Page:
ETI report highlights hybrids as option for decarbonising HGVs
Bridging the gap to zero emission HGVs may require hybrid vehicles, according to a report released by the Energy Technologies Institute (ETI).
28th August 2019 by Networks
The report, ‘HGVs and their role in a future energy system‘, aims to address the decarbonisation options for HGVs as part of the wider energy system to help the UK reach an 80% reduction in greenhouse gas emissions and then to go beyond towards net zero.
HGVs account for around 4% of total UK carbon emissions and in some scenarios, this could rise to a 15% share by 2050. Electrification of the HGV fleet is the most promising long-term solution, but the fleet duty cycle and cost/packaging requirements pose challenges for existing technologies. Gas-electric plug-in hybrid vehicles could act as a bridging solution from 2025 to 2040 whilst fully zero CO2 tailpipe emissions options are developed.
According to the report, the use of hydrogen as an energy vector, either in zero emission platform solutions, or in plug-in hybrids, will require the supply of large volumes of cheap, clean hydrogen. This reinforces the need to deploy Carbon Capture Use and Storage (CCUS) technologies.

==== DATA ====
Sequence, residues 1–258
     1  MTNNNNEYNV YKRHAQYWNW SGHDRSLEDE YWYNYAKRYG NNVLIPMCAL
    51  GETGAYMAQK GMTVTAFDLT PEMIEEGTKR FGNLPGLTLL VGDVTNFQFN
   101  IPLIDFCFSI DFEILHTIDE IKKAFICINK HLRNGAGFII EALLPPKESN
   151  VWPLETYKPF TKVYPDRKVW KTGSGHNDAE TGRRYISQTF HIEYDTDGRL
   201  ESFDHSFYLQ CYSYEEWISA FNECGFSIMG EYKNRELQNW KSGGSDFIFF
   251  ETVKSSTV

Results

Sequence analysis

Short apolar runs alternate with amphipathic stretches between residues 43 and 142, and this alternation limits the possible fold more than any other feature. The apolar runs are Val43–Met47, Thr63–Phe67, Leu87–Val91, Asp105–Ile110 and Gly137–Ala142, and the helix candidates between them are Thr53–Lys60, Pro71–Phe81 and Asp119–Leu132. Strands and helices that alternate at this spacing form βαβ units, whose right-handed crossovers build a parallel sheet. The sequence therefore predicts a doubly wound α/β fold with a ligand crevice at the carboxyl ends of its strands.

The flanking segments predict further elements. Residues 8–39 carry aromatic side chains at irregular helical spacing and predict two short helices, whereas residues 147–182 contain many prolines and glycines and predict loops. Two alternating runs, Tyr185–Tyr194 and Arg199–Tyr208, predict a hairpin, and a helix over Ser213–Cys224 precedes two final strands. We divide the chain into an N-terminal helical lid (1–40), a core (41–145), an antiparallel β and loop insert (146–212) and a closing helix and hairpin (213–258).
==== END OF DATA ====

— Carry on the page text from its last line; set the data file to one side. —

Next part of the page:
Rather than the ability of the energy system infrastructure to generate and distribute electricity, the report suggests that it is likely to be the availability of suitable vehicle platform solutions which will be the largest constraint on the electrification of HGVs.
The research also shows that an effective carbon price across the energy system would enable a transition to low and zero emission HGVs.
There is a cost associated with decarbonisation of the energy system, and in the absence of a carbon price, other ways to counter the naturally risk averse nature of fleet purchasers will also need to be found if the uptake of new technologies is to accelerate.
Jonathan Wills, chief executive officer of the ETI, said: “The HGV sector is a difficult area to decarbonise and the share of UK carbon emissions from HGVs is set to rise by 2050 if no action is taken. Through this research we have identified plug-in hybrid HGVs as a viable next step if overall energy system transition costs are to be minimised. Changing the purchasing behaviour of fleet operators will also be really important to help investment in new technologies.”
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